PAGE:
Why thousands of Swedes are injecting themselves with microchips

“Thousands of people in Sweden have inserted microchips, which can function as contactless credit cards, key cards and even rail cards, into their bodies. Once the chip is underneath your skin, there is no longer any need to worry about misplacing a card or carrying a heavy wallet,” Moa Petersén writes for The Conversation. “But for many people, the idea of carrying a microchip in their body feels more dystopian than practical.”

“Some have suggested that Sweden’s strong welfare state may be the cause of this recent trend. But actually, the factors behind why roughly 3,500 Swedes have had microchips implanted in them are more complex than you might expect,” Petersén writes. “This phenomenon reflects Sweden’s unique biohacking scene. If you look underneath the surface, Sweden’s love affair with all things digital goes much deeper than these microchips.”

“So why are Swedes so happy to put microchips into their body? One theory put forward is that Swedes are more prone to sharing their personal details because of the way the Swedish social security system is structured,” Petersén writes. “This myth of the ‘naive Swede,’ who innocently trusts the government and Sweden’s national institutions, is an exaggeration – which has even been noted by the Swedish Ministry of Foreign Affairs. If it is part of the explanation, it is certainly not the whole truth. More convincing is the fact that in Sweden, people have a strong faith in all things digital. Swedish people have a deep belief in the positive potential of technology.”

Read more in the full article here.

MacDailyNews Take: As we wrote last July:

Like it or not, it’s the next logical step. At first, it’ll even be optional. Welcome to a Brave New World. We’re surprised it hasn’t come sooner.

You WILL get microchipped – eventually – August 10, 2017
Wisconsin tech company to start microchipping their workers – July 24, 2017

[Attribution: TNW. Thanks to MacDailyNews Reader “Fred Mertz” for the heads up.]


      1. There are lots of quotes that go along those lines but I highly doubt that the Swedes are stupid.

        The Education index from 2015 ranks Sweden at # 19, that’s pretty excellent.

        Still it’s always a possibility but in this case I’m skeptical.

  1. First chip in a human, later a human in a chip, or that seems the linear trend. An otherwise intelligent and wise friend looks forward to merging himself, if it were possible now, into a machine. I completely disagree.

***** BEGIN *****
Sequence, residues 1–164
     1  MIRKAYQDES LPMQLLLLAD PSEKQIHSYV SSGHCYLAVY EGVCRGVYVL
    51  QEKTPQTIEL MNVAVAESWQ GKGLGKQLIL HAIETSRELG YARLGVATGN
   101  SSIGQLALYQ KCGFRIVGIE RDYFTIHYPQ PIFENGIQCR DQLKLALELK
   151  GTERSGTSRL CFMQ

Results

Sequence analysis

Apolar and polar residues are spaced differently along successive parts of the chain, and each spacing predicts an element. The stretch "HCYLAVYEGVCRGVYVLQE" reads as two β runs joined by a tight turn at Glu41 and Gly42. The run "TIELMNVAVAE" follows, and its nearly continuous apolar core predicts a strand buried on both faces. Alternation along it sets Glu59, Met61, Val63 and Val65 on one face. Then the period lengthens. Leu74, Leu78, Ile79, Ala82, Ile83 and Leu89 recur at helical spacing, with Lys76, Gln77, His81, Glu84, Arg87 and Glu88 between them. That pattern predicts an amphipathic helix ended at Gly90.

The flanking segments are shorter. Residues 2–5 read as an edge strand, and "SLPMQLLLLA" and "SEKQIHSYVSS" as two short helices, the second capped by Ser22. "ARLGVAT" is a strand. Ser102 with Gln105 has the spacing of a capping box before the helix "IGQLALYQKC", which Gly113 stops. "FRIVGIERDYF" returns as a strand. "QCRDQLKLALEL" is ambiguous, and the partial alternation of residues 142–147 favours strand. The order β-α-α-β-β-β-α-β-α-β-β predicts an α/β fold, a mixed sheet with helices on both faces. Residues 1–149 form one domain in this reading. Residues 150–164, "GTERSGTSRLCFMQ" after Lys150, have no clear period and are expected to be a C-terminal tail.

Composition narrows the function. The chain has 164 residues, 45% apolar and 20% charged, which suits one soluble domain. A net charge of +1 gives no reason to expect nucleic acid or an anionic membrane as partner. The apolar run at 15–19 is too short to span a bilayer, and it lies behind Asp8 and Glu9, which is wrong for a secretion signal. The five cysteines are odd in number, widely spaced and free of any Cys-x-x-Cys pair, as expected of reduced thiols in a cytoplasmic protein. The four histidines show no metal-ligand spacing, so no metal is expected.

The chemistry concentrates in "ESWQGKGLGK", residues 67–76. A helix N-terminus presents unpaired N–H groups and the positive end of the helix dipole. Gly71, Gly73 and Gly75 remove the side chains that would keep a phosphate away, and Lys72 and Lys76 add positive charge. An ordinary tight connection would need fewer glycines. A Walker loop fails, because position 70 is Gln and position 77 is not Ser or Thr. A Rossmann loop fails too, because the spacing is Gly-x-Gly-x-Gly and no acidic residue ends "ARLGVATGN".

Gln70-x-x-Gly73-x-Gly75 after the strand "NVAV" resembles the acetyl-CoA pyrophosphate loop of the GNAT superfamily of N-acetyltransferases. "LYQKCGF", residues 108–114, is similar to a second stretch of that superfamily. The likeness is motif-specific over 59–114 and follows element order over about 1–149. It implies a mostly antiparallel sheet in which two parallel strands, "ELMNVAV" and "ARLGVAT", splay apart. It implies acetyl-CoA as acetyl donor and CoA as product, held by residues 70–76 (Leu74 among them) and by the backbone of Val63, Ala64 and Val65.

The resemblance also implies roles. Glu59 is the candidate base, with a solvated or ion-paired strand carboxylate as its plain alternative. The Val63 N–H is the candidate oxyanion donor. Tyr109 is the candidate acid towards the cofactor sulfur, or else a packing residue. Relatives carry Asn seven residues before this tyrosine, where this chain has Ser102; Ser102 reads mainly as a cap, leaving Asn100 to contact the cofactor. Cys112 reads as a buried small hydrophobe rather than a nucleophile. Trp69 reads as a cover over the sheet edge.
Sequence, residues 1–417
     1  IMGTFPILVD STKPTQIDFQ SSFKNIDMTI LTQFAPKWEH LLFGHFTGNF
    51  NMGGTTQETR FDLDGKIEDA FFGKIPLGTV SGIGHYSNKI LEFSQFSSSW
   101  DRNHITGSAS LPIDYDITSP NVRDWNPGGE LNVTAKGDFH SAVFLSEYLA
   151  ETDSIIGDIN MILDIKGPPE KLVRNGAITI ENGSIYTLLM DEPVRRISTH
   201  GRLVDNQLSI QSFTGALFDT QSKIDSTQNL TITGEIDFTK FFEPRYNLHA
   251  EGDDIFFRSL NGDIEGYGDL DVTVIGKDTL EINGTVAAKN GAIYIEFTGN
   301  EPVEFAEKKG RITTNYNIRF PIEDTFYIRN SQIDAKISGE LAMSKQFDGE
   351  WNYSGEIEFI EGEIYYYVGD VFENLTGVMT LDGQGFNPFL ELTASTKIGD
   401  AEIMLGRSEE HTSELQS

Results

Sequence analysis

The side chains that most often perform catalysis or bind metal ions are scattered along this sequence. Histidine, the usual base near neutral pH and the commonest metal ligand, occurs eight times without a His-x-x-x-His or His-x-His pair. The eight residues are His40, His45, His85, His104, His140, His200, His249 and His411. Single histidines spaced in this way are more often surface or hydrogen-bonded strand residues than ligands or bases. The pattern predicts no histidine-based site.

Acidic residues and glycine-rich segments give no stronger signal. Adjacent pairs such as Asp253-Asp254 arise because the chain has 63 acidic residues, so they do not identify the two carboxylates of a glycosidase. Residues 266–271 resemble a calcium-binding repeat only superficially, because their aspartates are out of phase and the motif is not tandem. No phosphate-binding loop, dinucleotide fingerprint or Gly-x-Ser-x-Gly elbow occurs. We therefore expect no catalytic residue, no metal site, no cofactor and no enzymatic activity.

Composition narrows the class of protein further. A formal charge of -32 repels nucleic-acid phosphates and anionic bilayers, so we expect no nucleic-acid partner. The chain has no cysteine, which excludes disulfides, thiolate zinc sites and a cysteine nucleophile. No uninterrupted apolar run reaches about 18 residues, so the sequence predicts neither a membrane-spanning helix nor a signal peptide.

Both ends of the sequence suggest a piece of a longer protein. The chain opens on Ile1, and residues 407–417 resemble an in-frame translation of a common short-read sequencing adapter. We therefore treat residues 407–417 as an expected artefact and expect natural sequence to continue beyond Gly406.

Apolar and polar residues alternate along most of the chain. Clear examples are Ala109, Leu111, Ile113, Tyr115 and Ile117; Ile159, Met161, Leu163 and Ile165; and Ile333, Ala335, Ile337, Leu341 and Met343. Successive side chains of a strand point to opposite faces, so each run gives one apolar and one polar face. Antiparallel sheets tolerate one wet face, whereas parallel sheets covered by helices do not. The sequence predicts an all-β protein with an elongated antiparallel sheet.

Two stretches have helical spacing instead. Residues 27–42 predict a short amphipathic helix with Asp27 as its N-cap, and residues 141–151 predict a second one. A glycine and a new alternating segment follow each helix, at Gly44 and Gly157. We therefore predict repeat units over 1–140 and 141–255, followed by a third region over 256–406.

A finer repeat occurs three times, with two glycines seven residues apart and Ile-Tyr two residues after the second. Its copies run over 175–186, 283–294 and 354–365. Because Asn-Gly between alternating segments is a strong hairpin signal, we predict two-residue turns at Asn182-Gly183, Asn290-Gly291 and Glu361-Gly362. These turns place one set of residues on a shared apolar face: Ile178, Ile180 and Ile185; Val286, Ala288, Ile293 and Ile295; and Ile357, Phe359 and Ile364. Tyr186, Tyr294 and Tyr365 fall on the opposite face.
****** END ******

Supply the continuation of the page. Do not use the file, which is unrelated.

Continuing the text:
2. And of course there’s this…

    “The second beast of Revelation 13 will cause ‘all, both small and great, rich and poor, free and slave, to receive a mark on their right hand or on their foreheads, and that no one may buy or sell except one who has the mark or the name of the beast, or the number of his name’ (Revelation 13:16-17).

    1. t mac, true and it won’t be immediate. There will be a gradual trend and suddenly “for our protection and safety from terrorism” it will be mandatory.

      In order to even get in the building, you will have to have a chip to verify who you are. Then, of course, we all see now how the immediate charging of our accounts will happen. Viola` no more cash needed, Just a chip (or the “mark”).

  3. Forgive me for being a cynic, but really? 3500 folks out of a population of ten million? How does that 0.00035% of the population generate statements like, “But for many people, …” and “This phenomenon,” and “Swedish people have a deep belief in the positive potential of technology.” How does this even rate an article? And while we’re at it, why am I taking time to bad-mouth it?

  4. “… Swedish people have a deep belief in the positive potential of technology.”

    So do I… but unless it’s for some kind of medical treatment, I won’t stick tech in my body.

    1. As soon as I read the word medical my thoughts moved from “nasty government” to the explosive potential of a chip for. medical information. Start with medical history, Rx Lists, contact information for emergencies and doctors, etc. As long as it is read/write approach that patients can keep current then I’m happy. If I can include digital copies of imaging (like CT Scans and MRIs) then I am overjoyed.

      Toss in credit card data that is physically downloaded from a physical bank and I could care less as long a fraud is covered.

      Both my wife and I have gone through a total of 7 cancers. It was the “the positive potential of technology” that had kept us alive. I’m all for that.

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